I’m not sure whether King Creature’s Dave Kellaway is psychic or not, but I’d written one word on my notes for their set: Power. Over to the singer/bassist to say, “this is our last song tonight, Birmingham, it’s called “Power”. I’m standing by it, however. Because when Jack Sutton-Bassett thunders his kit here, the vibrations go through the staging where MV is sat at the back. There are a few things I noticed on their records that are even clearer here, watching them play live for the first real time (I’d seen a couple of songs when KC opened for Phil Campbell a few years back) like, for one they stand apart from the UK competition. Bluesy hard rocking this is not. Instead, this is heavy. Check the thrash overtones to the drumming and there’s the occasional growl in the vocals. Yet there’s a melody too. The single “Desolation” or the highlight here “Falling Down Again” are the work of a band that could be anything it wanted. They’ve been meant to open for Orange Goblin on many cancelled tours in the last couple of years. it’s a shame, that these shows have come in the middle of such uncertainty and the crowd is down on what it might be as a result, but nothing can hide the quality and – that word one last time – power that King Creature have.

New bassist Harry Armstrong isn’t shy of a word or six throughout, but these are kind of the thread running through the set: “This might be the last time for ages we can get together, bang our heads and drink beer…. let’s do it shall we?”

With that Ben Ward – the man mountain who was born to front this band – roars “Red. Sky. Rising.” And they play it. If that sounds simple, then frankly that’s because it is. The beauty of Orange Goblin, for 27 years is their simplicity.

They do metal. But, whilst they know their history, they don’t do the gallop of Maiden, Priest and Saxon. They’ve got Joe Hoare to do riffs. Big, thick, meaty riffs. They do slabs of guitar with thumping hooks. And that’s it. And the drums Chris Turner does, are like being beaten.

Even though this tour sees them without founding member Martyn Millard for the first time on stage they’ve got two things in their favour that put them above just about all the competition: 1) their songs are utterly sensational 2) they love it as much as anyone ever has.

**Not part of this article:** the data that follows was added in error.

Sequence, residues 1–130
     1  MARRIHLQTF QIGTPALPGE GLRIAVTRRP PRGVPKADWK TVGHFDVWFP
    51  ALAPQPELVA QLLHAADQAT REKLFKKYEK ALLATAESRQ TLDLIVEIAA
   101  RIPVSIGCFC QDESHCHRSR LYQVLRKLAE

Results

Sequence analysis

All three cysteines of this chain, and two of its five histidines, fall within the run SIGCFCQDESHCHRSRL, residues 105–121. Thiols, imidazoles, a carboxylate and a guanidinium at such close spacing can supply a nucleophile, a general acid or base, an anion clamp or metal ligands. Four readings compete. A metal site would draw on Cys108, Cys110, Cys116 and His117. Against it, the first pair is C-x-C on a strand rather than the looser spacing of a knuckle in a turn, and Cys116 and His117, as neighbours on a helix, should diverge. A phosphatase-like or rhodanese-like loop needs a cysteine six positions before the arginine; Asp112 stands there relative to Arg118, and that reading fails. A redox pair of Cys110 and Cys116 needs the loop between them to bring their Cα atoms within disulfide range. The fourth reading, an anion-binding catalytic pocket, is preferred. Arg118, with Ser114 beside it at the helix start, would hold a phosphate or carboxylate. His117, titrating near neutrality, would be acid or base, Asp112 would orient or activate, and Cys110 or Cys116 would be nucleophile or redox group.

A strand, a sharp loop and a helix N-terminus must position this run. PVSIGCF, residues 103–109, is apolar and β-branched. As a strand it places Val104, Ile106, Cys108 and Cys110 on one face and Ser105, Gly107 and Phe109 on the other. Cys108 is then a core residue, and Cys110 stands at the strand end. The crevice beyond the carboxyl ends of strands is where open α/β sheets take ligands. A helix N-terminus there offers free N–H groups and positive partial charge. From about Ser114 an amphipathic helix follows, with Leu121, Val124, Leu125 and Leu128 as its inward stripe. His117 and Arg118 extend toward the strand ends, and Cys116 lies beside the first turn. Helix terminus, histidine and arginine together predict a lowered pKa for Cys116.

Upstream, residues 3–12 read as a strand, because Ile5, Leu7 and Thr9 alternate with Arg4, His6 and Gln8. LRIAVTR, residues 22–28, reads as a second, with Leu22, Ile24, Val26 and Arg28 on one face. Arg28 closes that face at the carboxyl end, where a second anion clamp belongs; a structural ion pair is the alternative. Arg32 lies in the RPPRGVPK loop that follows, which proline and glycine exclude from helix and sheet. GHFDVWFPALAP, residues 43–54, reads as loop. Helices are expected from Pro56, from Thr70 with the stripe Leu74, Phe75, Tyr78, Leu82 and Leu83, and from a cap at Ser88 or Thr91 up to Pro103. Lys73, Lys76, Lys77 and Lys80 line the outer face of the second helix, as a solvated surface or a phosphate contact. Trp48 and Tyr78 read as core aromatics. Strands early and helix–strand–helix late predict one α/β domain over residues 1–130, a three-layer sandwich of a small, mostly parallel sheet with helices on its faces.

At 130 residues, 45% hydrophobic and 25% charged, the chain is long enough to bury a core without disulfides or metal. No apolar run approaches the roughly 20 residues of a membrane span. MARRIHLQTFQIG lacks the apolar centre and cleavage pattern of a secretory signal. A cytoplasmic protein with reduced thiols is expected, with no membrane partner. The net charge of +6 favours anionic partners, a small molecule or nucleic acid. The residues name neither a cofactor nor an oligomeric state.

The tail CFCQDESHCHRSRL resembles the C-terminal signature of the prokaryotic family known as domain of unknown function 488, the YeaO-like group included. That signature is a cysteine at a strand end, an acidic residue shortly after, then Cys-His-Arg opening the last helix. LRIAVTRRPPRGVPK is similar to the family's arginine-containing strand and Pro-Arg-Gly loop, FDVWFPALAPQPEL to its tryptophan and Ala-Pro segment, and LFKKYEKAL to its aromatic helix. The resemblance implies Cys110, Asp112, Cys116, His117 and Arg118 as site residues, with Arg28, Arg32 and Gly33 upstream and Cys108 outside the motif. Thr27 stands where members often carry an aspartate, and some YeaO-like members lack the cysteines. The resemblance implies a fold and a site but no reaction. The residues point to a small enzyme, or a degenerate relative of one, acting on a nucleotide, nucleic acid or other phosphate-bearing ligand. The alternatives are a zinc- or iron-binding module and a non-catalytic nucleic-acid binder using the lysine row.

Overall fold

If ever there was a band that gives off the vibe of being the sort of fellas if they weren’t on stage would be down there, drinking beers and banging their heads, then its these four.

This should have been their 25th anniversary tour, two years ago, and the setlist has something from every album they’ve done.

And for an hour and half, almost, they are as good as anyone could possibly be.

“Scorpionica” is a hell of an opener, and “The Filthy And The Few” is one of the finest songs of the last decade, it really is.

The band seems to be happy anyone is there at all, given the circumstances, and when they do “Stand For Something” it seems to underline everything they are. Orange Goblin are the underground. They are the outsiders. The torchbearers.

Ward wanders down to the front row to see his people in “Acid Trial”, and frankly, whatever he tells you to do, you’d best do it. That one, though switches gear in the set too. “Some You Win, Some You Lose” is one of those that you can’t get out of your head, even if you wanted to, and “They Came Back (Harvest Of Skulls)” ends up being arguably the highlight of the whole thing.

“Sons Of Salem” signals the end of the set – except it doesn’t. This is the bit where we are meant to go off and you say ‘come back Orange Goblin’ like its Alan Partridge, shall we just do three songs instead?” enquires Ward, and those three that are left are little short of magnificent. “The Devils Whip” is a biker anthem that early Almighty would be proud of, “Quincy The Pigboy” has never let anyone down, ever, (and they are joined by two blokes I assume from the support bands with boxes on their heads for this one, the ‘why” is never explained, its perhaps best not to ask) and then there’s “….Rising”.

I’ve been going to gigs for 30 years – even before Orange Goblin formed – and there’s nothing better than turning up to watch a band you love and remembering exactly why you loved them in the first place. That, in a nutshell, is what happened tonight. And that’s why live music matters so, so much.